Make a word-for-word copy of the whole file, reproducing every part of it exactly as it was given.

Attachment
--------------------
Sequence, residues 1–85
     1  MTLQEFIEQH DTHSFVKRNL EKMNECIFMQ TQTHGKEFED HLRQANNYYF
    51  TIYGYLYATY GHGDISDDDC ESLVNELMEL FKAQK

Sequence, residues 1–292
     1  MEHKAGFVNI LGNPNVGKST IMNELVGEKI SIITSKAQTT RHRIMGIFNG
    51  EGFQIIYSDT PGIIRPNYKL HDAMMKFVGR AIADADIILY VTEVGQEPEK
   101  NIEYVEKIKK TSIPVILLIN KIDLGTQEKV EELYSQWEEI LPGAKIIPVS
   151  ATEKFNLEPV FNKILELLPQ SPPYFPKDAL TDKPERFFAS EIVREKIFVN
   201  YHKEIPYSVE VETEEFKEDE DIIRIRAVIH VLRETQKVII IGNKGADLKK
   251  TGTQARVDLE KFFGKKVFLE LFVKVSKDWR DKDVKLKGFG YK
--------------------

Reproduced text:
Sequence, residues 1–85
     1  MTLQEFIEQH DTHSFVKRNL EKMNECIFMQ TQTHGKEFED HLRQANNYYF
    51  TIYGYLYATY GHGDISDDDC ESLVNELMEL FKAQK

Sequence, residues 1–292
     1  MEHKAGFVNI LGNPNVGKST IMNELVGEKI SIITSKAQTT RHRIMGIFNG
    51  EGFQIIYSDT PGIIRPNYKL HDAMMKFVGR AIADADIILY VTEVGQEPEK
   101  NIEYVEKIKK TSIPVILLIN KIDLGTQEKV EELYSQWEEI LPGAKIIPVS
   151  ATEKFNLEPV FNKILELLPQ SPPYFPKDAL TDKPERFFAS EIVREKIFVN
   201  YHKEIPYSVE VETEEFKEDE DIIRIRAVIH VLRETQKVII IGNKGADLKK
   251  TGTQARVDLE KFFGKKVFLE LFVKVSKDWR DKDVKLKGFG YK